If your core team continue to be paid 100% then they at least have 20% more income then those on furlough.  It is also a clear statement of their value and the skillset and motivation that they bring to the business that they are part of your core team providing business continuity.  This crisis will re-shape almost all businesses and on a long-term perspective being part of that core team is the better place to be.

Questions to which we simply do not know the answer at this point but which will need to be covered by Government guidance on the Coronavirus Job Retention Scheme.

  • If someone is self-isolating can they switch from SSP to furlough?
  • Is there a minimum period that someone must have been employed before they can be put on furlough?
  • Can we alternate members of staff on furlough – so that some are on furlough at one point and then others later on – i.e. rotate those on furlough?
  • Does holiday continue to accrue during a period of furlough and can it be booked and taken during furlough? It is highly likely that it will continue to accrue during furlough but taking holiday during this period is a separate issue.

I have already laid people off or made them redundant can I now reverse that decision and put them on furlough?

The Job Retention scheme funding is backdated to 1 March presumably with the direct intention to enable employers who have laid people off to transfer them to furlough funded at 80%.

If you are in consultation about redundancies then you can decide not to proceed with the redundancy and move to furlough instead.

If you have issued a notice of redundancy (and have not paid in lieu of notice) and that notice has not yet expired (i.e. the employment is still continuing albeit in a notice period) then you have the option to move quickly to retract the redundancy decision and move to furlough instead.  However, in this circumstance please talk to your Adviser especially if an employee states that they wish their redundancy to proceed.

If you have made redundancies since 1 March, then unless Government guidance comes out to say that those decisions can be reversed and those individuals are moved to furlough then it would appear at this point that those redundancies stand.

What risks do I run putting people on furlough when I have no or very limited cash?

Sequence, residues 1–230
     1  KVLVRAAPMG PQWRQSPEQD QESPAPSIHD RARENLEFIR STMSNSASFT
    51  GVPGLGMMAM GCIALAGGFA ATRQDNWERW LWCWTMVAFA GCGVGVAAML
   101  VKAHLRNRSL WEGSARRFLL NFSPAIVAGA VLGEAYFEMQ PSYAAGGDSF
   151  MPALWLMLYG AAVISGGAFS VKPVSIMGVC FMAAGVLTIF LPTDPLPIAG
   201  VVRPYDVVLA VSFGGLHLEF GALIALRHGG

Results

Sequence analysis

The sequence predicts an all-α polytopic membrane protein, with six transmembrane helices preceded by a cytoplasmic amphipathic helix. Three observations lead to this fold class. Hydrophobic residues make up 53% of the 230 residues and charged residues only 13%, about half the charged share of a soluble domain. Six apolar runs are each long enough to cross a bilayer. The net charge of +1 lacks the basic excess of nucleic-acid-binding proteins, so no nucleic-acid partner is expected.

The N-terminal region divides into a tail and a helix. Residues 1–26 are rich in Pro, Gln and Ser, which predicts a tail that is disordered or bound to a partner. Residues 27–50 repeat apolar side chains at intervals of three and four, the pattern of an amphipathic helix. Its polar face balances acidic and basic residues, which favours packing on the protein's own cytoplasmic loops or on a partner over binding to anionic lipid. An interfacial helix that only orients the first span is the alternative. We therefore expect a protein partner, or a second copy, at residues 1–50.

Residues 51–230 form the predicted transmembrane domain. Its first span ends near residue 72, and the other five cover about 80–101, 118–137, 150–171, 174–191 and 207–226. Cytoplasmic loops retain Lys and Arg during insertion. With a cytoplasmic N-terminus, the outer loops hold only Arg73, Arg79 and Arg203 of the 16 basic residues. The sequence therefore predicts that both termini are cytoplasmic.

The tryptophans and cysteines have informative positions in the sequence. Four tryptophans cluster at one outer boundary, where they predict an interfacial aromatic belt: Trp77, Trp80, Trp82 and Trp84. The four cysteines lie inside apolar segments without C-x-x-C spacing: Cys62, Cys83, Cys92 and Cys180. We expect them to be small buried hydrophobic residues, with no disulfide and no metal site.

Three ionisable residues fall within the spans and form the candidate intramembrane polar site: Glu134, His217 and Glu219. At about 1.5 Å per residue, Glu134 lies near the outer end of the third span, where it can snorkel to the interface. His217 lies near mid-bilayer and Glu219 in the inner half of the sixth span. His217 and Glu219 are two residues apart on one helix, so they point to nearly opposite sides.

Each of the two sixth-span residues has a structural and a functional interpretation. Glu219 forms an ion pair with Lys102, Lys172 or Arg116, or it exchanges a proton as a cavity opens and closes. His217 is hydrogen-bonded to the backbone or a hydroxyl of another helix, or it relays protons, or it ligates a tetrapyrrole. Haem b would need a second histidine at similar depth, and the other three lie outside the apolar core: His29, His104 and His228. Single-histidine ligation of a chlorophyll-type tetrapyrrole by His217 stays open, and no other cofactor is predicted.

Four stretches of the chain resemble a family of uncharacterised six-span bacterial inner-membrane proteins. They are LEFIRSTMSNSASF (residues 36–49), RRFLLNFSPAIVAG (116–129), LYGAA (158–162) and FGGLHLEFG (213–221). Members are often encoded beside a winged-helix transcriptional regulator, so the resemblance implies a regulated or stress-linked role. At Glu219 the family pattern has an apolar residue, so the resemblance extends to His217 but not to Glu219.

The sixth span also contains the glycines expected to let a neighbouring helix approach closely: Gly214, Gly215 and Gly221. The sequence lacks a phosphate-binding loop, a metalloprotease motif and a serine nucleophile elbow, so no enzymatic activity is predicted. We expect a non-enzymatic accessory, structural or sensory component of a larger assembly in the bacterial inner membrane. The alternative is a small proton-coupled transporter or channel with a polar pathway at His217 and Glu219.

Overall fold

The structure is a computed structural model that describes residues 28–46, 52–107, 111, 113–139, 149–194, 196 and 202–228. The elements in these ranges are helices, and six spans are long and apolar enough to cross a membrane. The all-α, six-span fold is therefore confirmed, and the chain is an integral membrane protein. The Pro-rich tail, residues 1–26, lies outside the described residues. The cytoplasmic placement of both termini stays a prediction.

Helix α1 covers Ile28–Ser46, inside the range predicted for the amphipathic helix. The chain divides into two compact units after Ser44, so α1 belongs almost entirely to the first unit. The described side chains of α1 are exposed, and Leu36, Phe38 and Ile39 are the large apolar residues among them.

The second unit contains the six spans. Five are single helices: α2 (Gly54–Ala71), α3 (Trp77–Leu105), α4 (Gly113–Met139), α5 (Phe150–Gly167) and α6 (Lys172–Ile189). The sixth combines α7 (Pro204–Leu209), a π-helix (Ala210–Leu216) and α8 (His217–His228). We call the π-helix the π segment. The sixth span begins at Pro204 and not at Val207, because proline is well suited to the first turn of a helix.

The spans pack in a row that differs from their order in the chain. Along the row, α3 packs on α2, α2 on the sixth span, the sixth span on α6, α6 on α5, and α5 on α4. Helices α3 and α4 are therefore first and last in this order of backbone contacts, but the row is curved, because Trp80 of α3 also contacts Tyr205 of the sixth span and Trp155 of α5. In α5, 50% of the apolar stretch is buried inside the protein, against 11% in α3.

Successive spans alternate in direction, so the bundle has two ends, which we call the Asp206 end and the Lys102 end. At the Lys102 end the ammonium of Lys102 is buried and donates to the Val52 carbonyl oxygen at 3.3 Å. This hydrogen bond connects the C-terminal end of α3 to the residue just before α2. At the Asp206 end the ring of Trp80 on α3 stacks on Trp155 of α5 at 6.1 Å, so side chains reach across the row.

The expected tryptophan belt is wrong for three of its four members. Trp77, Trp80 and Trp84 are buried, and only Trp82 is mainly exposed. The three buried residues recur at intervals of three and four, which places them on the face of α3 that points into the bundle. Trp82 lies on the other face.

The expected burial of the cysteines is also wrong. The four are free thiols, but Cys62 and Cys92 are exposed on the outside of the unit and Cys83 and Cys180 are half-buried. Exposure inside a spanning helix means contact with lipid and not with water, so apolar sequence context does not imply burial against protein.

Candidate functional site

Aside from your overall business considerations about viability etc. that when the details of the scheme are published in full there are terms in it which affect who is eligible.  No doubts you will have or are exploring the other financial measures introduced by the Government intended to ease pressures on cash-flow including business interruption loans.

Coronavirus Job Retention Scheme (CJRS) Update: 10th April 2020

If you’re eligible for the scheme, there are things that you can do now to be ready when the system is up and running later this month.

You’ll need to provide the following to make a claim:

  1. The bank account number and sort code you’d like us to use when we pay your claim.
  2. The name and phone number of the person in your business for us to call with any questions.
  3. Your Self-Assessment UTR (Unique Tax Reference), Company UTR or CRN (Company Registration Number).
  4. The name, employee number and National Insurance number for each of your furloughed employees.
  5. The total amount being claimed for all employees and the total furlough period.

If you use an agent who is authorised to act for you for PAYE purposes, they will be able to make a claim on your behalf, so please speak to them now.

However, if you use a file-only agent (files your RTI return but doesn’t act for you in other matters), they won’t be able to make a claim for you and you’ll need the information listed above from them to make the claim yourself.

The portal will be ready to launch on 20 April. HMRC are expecting phone demand to be beyond their capacity to offer a normal service. Therefore, the service is designed to be self-serve with guidance in place.

For more detailed advice, please visit GOV.UK. This guidance is being regularly updated, so please review it frequently.

You may also find this recorded webinar helpful, ‘Coronavirus (COVID-19) Job Retention Scheme‘, available on HMRC’s YouTube channel.

Coronavirus Job Retention Scheme Update: 15th April 2020

The qualifying date, when the employee must have been on the employer’s payroll, has changed from 28th February to 19th March 2020.

HMRC have today announced that you can now claim for furloughed employees that were on your PAYE payroll on or before 19th March 2020.

This means a Real Time Information (RTI) submission notifying payment in respect of that employee to HMRC must have been made on or before 19th March 2020. Employees that were employed as of 28th February 2020 and on payroll, were made redundant, or stopped working for the employer after that and prior to 19th March 2020, can also qualify for the scheme if the employer re-employs them and puts them on furlough.